Confused?  Well, that's how a lot of people feel about the nature of law and legal things when they first start.  As you go through this program (and those that follow), you will gain greater understanding of how law and legal things work and are inter-related...and the more you practice, the better you will get. 

I Promise.

LAW STUDENT: How to Brief a Law School Court Case Opinion

CASE BRIEFING/LAW STUDENT/PARALEGAL LEGAL CASE BRIEF WRITING - How to Brief and write a Law School Case; Legal Research

Created by Dana T. Blackmore, B.S., J.D., LL.M. - Lawyer and Law Professor

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Students: 194, Price: $39.99

Students: 194, Price:  Paid

If the question is: to brief or not to brief each case assigned by your professor, I'm sorry to tell you that my answer is a resounding (YES)! To develop the analysis skills required to be successful in law school, the bar examination and beyond, you must read and brief each case assigned to you by your law school professors. But the good news is: if you complete "T-Zone 1" through "T-Zone 4" of "Professor Blackmore's T-Chart Analysis" process, you will have all of the IRAC components, you will be ready for class, the bar examination and the practice of law!

Enroll in this course to learn more about Professor Blackmore's Law School Case Briefing "T-Zone Chart Analysis" Process!

Taught by business attorney and contracts and transactions professor of law, this book will show you everything you need to know, this course will teach law students or anyone interested in law how to brief a court case opinion and how to develop critical reading; problem solving skills; and to strengthen analysis skills necessary for successful preparation for the attorney bar examination.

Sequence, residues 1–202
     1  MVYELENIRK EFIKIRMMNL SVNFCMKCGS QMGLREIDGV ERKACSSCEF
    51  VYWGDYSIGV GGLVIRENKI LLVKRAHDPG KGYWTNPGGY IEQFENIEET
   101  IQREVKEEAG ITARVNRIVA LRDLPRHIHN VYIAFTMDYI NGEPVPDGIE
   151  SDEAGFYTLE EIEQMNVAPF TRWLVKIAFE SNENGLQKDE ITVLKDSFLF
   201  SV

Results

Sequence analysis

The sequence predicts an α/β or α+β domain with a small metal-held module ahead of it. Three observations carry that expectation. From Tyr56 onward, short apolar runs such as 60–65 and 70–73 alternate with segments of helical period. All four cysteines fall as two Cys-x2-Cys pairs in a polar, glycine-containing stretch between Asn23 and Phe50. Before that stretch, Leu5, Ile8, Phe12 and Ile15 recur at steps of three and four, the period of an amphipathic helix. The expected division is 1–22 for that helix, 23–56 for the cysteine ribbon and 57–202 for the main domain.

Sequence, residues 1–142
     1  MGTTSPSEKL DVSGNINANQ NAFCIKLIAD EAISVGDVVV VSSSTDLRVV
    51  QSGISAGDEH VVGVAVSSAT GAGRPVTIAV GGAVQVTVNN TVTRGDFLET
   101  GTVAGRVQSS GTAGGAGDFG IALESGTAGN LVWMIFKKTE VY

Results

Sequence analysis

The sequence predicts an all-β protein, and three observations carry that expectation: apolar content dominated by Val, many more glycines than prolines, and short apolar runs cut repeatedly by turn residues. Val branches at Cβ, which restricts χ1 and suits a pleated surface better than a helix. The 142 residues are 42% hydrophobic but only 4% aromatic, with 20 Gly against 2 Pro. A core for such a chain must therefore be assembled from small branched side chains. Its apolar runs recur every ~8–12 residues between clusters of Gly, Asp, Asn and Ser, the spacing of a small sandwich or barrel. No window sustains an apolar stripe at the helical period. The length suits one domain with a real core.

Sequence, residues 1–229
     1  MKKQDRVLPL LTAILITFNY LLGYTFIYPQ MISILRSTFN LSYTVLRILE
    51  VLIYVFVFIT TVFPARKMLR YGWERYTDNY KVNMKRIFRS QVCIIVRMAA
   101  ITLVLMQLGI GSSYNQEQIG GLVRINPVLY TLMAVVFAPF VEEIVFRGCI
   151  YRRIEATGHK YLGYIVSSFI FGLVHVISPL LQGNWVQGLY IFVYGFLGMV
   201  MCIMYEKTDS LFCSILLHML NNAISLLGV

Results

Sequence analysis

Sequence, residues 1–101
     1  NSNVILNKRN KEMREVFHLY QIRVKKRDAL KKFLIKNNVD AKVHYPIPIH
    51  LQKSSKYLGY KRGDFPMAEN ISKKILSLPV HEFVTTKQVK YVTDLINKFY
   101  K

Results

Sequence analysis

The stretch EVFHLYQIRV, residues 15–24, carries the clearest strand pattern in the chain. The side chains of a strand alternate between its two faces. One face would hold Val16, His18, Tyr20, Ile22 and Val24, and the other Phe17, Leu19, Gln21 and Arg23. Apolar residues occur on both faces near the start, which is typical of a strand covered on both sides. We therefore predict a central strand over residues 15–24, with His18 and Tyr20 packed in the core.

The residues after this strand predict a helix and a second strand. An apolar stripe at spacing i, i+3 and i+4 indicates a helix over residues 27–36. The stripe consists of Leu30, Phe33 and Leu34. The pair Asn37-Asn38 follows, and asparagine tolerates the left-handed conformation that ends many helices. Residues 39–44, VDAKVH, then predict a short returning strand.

Court Case Used in this Course: Ray v. William G. Eurice & Bros., Inc., 201 Md. 115, 93 A.2d 272 (1952) .

Now, doesn’t this all sound very exciting?

Well, let’s get started!

  • BONUS: FULL CLASSROOM EDITION has 6 language translation captions: Chinese, French, Hindi, Japanes, Portugese, Spanish

Legal Research 101: Online Resources

Making the most of your time online

Created by Bret Christensen - Law Librarian

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Students: 27, Price: $89.99

Students: 27, Price:  Paid

For the beginning legal researcher (and even for many seasoned litigants), legal research can be pretty scary.  Having someone walk you through  "how to use" online resources can help remove some of the scary-ness.

This course teaches students what is and how to use some of the more popular online legal databases like Westlaw, Lexis, and HeinOnline.  Students will be exposed to both Natural Language and Boolean (aka Terms and Connectors) search techniques using both basic and advanced search options.

Legal Research 101: Secondary Authority

Providing context in a confusing world

Created by Bret Christensen - Law Librarian

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Students: 24, Price: $39.99

Students: 24, Price:  Paid